Roughly two weeks ago I completed my internship with a New York City agency. Roughly one week ago, I arrived back home in Florida to thaw my soul.
During that time I was able to reflect on what would become my next steps. Ultimately, my answers are still, “I don’t know,” but I’m happy to say, I have an idea.
On the last day of my internship I wrote, “New York City is mad, but it’s magic,” and while that statement is true, I don’t know if it has enough magic to enchant me to return. I’ve mentioned my feelings in a previous post, but something was missing. I wasn’t necessarily lying, but I wasn’t telling the whole truth, and those facts are: I didn’t enjoy the agency with whom I interned and I didn’t really enjoy NYC.
In the four months I lived in New Jersey, commuted into the city and interned with a NYC agency, I fell victim to individuals who disregarded anything resembling civility to strangers and fell prey to an office that misrepresented their true value of interns.
Of the two, the latter proves a far more severe blow. Wherever my life takes me to serve God, I know I will encounter individuals who are rough around the edges. However, I walked into this internship anticipating hardships, but I never anticipated the heartache.
I left previous internships with an elevated confidence in my skills and abilities. While I did have moments of doubt, they were rare and brief. However, during this internship, I seemed to be plagued with a cloud of doubt, though I’d start my day with faith in the success that awaited me. All too often I’d end the day questioning not only my skills, but my passion and my purpose.
Is this what I want to turn into a career? Is this how I’m to live the life I’m called to live? Is this for me?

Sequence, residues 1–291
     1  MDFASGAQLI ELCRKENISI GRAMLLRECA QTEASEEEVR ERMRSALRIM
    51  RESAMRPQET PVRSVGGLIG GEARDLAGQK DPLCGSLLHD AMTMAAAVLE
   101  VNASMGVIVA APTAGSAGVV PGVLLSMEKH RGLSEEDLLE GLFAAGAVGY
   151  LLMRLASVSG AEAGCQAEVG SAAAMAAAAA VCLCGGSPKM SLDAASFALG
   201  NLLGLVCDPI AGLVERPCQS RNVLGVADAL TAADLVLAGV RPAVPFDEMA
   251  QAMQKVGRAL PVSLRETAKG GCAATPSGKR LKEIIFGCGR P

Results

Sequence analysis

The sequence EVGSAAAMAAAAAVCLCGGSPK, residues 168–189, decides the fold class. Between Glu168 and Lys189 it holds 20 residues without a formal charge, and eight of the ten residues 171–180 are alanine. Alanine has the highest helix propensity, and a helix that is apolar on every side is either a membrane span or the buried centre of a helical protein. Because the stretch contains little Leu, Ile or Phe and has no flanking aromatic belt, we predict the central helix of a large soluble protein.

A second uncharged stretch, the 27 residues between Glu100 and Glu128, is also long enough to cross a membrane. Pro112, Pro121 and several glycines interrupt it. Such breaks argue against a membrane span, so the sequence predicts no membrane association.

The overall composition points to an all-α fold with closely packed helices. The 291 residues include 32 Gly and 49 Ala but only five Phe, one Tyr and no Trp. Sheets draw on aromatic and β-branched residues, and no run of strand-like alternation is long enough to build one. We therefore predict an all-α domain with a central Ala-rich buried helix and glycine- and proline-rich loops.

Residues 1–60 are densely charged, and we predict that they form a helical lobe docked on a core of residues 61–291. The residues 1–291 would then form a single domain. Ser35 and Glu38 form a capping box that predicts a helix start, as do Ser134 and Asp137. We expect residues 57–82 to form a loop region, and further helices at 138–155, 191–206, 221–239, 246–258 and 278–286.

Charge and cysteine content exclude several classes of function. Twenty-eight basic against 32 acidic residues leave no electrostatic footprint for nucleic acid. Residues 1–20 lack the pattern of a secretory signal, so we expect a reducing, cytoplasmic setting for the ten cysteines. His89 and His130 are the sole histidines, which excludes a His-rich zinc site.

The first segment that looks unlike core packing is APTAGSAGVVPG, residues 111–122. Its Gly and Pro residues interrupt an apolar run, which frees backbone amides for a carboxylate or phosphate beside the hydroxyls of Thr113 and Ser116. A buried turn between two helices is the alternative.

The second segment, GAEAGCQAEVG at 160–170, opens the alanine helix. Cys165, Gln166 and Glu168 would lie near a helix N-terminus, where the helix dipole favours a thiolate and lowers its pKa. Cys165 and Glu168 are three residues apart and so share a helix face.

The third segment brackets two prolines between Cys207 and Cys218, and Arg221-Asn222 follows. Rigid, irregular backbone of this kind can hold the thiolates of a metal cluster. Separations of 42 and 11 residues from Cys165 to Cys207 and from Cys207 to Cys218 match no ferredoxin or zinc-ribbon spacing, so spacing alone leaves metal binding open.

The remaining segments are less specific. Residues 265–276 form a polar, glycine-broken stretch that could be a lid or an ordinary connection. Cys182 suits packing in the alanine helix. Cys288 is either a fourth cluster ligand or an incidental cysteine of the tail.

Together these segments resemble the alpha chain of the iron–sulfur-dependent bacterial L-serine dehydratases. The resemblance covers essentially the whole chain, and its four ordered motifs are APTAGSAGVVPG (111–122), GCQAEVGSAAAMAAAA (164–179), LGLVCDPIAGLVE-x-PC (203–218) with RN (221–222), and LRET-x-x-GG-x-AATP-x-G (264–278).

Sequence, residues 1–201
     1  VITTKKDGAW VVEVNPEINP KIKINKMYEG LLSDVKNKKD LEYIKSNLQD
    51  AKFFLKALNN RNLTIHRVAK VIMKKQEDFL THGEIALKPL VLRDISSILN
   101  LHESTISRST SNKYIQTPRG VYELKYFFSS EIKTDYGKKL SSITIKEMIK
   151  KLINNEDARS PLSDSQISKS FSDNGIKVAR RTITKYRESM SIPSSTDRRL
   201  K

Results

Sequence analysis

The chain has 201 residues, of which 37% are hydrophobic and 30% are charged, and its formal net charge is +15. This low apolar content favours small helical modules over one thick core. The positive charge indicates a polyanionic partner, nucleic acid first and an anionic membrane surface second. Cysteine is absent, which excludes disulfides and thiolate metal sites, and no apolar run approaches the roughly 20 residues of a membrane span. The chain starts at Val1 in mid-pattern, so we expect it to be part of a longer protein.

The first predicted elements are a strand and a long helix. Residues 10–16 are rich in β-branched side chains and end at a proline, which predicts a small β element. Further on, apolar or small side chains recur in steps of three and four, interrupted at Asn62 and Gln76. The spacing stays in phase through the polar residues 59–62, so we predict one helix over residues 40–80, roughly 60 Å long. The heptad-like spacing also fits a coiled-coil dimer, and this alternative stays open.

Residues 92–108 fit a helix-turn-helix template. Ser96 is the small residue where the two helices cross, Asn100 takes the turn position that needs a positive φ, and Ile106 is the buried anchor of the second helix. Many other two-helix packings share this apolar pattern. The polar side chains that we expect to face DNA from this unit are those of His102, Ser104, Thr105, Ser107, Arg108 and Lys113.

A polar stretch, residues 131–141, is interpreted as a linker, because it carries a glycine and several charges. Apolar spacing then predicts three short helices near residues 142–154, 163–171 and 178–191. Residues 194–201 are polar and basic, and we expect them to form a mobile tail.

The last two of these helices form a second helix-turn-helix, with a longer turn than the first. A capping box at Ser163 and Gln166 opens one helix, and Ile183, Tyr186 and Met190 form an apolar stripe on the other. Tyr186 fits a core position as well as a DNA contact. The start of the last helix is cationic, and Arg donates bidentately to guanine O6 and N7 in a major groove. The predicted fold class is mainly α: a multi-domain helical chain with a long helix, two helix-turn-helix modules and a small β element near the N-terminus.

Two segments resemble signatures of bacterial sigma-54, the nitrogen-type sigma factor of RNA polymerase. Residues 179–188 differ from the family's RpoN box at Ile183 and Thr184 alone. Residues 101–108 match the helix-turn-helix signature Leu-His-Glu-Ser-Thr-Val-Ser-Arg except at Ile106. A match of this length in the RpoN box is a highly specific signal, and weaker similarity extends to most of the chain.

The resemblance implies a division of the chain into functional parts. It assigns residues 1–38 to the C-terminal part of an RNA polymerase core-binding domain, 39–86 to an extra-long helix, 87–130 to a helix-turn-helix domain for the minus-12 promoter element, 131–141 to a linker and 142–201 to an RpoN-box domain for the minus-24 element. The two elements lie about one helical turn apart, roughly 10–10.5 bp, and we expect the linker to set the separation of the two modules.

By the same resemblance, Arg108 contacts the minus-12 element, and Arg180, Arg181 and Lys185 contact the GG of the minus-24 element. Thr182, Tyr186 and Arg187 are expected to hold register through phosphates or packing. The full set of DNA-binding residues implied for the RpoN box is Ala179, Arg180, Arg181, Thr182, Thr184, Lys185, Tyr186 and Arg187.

I’d also find myself feeling like a liability and a burden, if I were noticed at all. During one particular occasion, I overheard someone refer to me as, “the little Asian intern.” While I initially laughed it off, I later realized not only can those four words be interpreted as demeaning and politically incorrect, but it diminishes views on self worth and harbors the growth of doubt.
Is this the culture of every office? Is the type of environment I want to join? Are these the type of professionals I aspire to become?
My worries and doubt followed me like a shadow and I clinged to brief, light-hearted moments with some fellow interns. I shared my worries with them, my family and my friends. My Mom, with her hopes that I’ll one day become a lawyer or a doctor suggested Law School or Medical School. My friends, taking my side, comforted me saying, “You’re awesome. Don’t worry about it.” But, of course, I worried.
It wasn’t until I reached out to a friend, fellow Brazen PR team member and aspiring PR professional that some of my worries were diminished. She reminded me of a fact that had faded into the distance. She reminded me, I am talented and I am worthy. Her email read:
“…remain confident. I remember back when you first joined the PR program you kept saying ‘I don’t know why they picked me!’ and by the time you were done, you were 1/4 of the BEST GROUP IN THE ENTIRE CLASS. We wouldn’t have won that contest without you. You are in the very top tier. Just remember your worth, and while I know it is SO SO SO beyond frustrating to not have a job and a stable place to land right now, know that it is ok and that it WILL happen. Just don’t let it kill your spirits because you have the talent. Don’t ever lose that confidence that you’ve got what it takes…”
I’ve now ventured into the job hunt with restored confidence in my skills, my ability and my worth. My hopes for NYC have also been restored – though only a small bit. To say it’s my main city of focus would be a lie, but truth be told, it isn’t the end, maybe…just maybe, it’s a respite.